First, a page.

Among some of the bigger equipment upgrades we made in the later part of 2019 were the upgrades and modifications to our jib crane. Some of these were called for out of necessity, such as the stronger mounting hardware we installed to accommodate the heavier cameras we now use. Other upgrades increased functionality and ease-of-use, such as a tilt-lock mechanism, a monitor mount, and more.
However, there were two upgrades we made which really expanded the creative possibilities our jib provides. These two upgrades are gimbal mounting hardware and a motorized pan/tilt head. We often get asked about what types of shots these modifications allow us to produce, what the differences in the two are, how do we decide which one to use, and what our thoughts are about both.
Today, we'll not only tell, but also show you some samples of the cool camera moves these modifications allow us to capture with our jib crane. We'll also share some of the pros and cons, as well as our own thoughts and opinions of both of them. If you have a jib crane, these upgrades are worth looking into.
An important thing to note is that these two modifications can't be used together at the same time on the jib. I mean, you COULD mount the gimbal on the pan/tilt head and mount the resulting monstrosity on the jib...but....why? If you have both options available to you, you'll need to choose the one that you feel is best for the shot you are trying to produce.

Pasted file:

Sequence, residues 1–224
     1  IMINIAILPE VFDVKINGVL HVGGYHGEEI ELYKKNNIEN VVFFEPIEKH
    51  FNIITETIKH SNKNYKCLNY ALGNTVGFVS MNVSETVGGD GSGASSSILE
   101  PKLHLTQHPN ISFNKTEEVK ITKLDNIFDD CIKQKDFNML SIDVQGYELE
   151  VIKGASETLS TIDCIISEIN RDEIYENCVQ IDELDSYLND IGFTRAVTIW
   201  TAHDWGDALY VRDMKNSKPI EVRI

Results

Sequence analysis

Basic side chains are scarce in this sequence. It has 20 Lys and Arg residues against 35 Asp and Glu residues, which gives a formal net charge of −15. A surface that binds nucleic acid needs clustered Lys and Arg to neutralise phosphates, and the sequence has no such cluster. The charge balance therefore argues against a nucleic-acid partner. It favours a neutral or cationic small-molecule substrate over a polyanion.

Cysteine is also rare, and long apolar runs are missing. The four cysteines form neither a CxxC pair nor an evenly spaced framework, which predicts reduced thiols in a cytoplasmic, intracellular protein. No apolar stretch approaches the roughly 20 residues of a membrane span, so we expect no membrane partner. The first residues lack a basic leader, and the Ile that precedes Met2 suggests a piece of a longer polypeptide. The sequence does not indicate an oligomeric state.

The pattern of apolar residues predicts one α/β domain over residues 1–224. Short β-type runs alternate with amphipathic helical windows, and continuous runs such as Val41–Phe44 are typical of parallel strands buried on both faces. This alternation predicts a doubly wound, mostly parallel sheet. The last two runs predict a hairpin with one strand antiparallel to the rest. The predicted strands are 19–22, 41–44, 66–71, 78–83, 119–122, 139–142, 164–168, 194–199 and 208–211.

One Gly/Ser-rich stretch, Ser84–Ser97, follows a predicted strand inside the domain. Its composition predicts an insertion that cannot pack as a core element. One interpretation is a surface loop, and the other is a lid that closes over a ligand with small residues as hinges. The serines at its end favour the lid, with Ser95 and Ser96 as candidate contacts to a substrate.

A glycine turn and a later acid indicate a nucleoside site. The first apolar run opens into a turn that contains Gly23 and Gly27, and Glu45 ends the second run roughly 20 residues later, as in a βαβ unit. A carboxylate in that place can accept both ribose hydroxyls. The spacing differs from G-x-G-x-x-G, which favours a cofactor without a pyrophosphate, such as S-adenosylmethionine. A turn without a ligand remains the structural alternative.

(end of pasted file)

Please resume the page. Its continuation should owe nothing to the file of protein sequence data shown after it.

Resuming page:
But first, what do we even mean by gimbal or motorized pan/tilt head? If you're not familiar with what one or both of these are, here's pictures of each one mounted on our jib crane.
Later on, we'll look at some of the specific differences in functionality between these two pieces of equipment.
What Kind of Shots can they Produce?
We often get asked for sample footage of shots produced by our jib crane using a gimbal or pan/tilt head. Below you can see some shots produced using both of them. These are by no means the only camera moves which are possible. You can combine any number of different moves to create an incredibly graceful cinematic motion shot using a jib with a gimbal or pan/tilt head. There are an astronomical number of ways to combine all of the movement into epic, eye-candy camera moves.
Think about how many dimensions the camera is moving in all at once. The jib arm itself moves freely in two dimensions (vertical and horizontal axis). It moves through the third dimension (Z axis) in a limited capacity when you raise or lower the jib arm. It brings the camera closer to the subject as the arm becomes parallel with the ground and more distant as the arm approaches its maximum vertical angle. The jib head itself tilts up and down, automatically in sync with the jib arm, or manually using the manual tilt handle. Then you have a motorized 2-axis or 3-axis motion control system mounted on there.
Creating really epic camera moves with a motion system this complex requires and equal amount of planning and playing around with it. You can plan a shot out in your head an think it's going to be poetry in motion, but then when you actually do it, the moves just don't jive together. Other times you may just be messing around shooting some test shots and you stumble across an sweet move you can't stop re-watching. We usually discover a new move we never thought of before each time we film with this jib system.
Here are just a few examples of some simple jib motion shots we captured using the jib crane with the pan/tilt head and the gimbal.
Pan/Tilt Head Vs. Gimbal COMPARISON
The video below shows clips captured using the motorized pan/tilt head and clips captured using the gimbal on our jib crane.
As you can see, there are a number of similarities in the shots both the pan/tilt head and gimbal can produce. It can be hard to distinguish between them unless you really know what to look for in the movement of the shots.